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Qualcomm CEO Steve Mollenkopf speaks during the Business Roundtable CEO Innovation Summit in Washington, D.C. on December 6, 2018.(Jim Watson/AFP/Getty Images/TNS) **FOR USE WITH THIS STORY ONLY**

Qualcomm CEO Steve Mollenkopf speaks during the Business Roundtable CEO Innovation Summit in Washington, D.C. on December 6, 2018.(Jim Watson/AFP/Getty Images/TNS) **FOR USE WITH THIS STORY ONLY**

Just prior to opening statements in a San Diego federal trial between Apple and Qualcomm last week, lawyers for both companies huddled out of earshot of a nine-person jury.

The two tech heavyweights were deep into settlement negotiations to end their bitter, two-year fight over Qualcomm's patent licensing fees. The discussion centered on whether to ask for a delay in opening statements in hopes of finalizing a deal.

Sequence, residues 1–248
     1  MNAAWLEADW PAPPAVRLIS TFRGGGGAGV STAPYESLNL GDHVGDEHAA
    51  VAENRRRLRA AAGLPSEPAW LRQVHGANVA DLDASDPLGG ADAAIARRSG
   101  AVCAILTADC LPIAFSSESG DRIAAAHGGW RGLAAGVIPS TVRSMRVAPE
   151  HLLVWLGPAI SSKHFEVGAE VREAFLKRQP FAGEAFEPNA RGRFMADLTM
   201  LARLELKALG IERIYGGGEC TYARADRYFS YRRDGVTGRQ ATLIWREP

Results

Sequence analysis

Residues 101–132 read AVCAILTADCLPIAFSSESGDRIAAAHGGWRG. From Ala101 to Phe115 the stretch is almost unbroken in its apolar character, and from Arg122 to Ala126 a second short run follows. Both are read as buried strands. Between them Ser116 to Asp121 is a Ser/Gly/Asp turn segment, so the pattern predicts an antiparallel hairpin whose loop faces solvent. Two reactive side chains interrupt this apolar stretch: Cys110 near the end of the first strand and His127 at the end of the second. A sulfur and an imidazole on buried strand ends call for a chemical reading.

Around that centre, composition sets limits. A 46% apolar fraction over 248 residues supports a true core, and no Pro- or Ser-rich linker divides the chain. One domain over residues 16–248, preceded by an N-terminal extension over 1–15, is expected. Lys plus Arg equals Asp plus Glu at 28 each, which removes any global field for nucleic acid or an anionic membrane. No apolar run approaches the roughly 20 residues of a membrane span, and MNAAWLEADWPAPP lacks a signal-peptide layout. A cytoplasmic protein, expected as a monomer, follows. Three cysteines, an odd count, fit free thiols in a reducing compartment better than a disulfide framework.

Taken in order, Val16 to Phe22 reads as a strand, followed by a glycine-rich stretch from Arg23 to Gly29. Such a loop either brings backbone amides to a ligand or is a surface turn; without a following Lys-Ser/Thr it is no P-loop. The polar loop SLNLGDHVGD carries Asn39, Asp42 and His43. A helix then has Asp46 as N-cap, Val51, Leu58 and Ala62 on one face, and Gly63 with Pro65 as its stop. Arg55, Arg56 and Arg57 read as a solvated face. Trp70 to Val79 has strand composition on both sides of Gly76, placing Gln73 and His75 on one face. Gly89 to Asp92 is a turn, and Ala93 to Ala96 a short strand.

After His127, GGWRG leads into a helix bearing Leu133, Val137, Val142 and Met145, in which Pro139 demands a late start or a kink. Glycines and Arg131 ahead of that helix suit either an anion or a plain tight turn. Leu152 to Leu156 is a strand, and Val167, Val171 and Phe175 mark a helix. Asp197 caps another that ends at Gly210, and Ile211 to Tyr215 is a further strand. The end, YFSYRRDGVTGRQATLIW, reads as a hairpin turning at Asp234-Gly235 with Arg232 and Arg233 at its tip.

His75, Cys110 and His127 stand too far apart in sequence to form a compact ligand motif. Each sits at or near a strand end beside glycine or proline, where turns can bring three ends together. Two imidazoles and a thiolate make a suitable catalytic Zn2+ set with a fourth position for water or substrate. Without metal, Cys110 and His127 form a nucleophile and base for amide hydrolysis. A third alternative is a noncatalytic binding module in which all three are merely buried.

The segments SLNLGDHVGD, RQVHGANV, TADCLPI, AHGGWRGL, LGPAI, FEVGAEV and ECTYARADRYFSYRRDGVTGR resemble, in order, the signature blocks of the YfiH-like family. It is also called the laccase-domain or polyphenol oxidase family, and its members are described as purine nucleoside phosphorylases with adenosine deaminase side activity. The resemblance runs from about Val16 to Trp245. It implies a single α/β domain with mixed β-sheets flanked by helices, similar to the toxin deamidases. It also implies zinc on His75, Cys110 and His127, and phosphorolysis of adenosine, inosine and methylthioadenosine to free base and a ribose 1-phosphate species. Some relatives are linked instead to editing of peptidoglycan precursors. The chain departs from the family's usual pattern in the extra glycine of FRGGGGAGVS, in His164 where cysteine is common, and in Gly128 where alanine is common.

The decision was made to proceed with opening arguments. But if there was any toning down of rhetoric because of settlement talks, it was not apparent in the courtroom.

Lawyers for Apple and contract manufacturers that make iPhones lashed out at Qualcomm for breaking promises to the mobile industry. Qualcomm, they alleged, also used a "Bermuda triangle" of contracts to charge twice for the same technology, abused its dominant market share in cellular chips to strong-arm smartphone makers into paying too much for patents and sought payment on dubious inventions that device makers don't use, including wirelessly connected pants.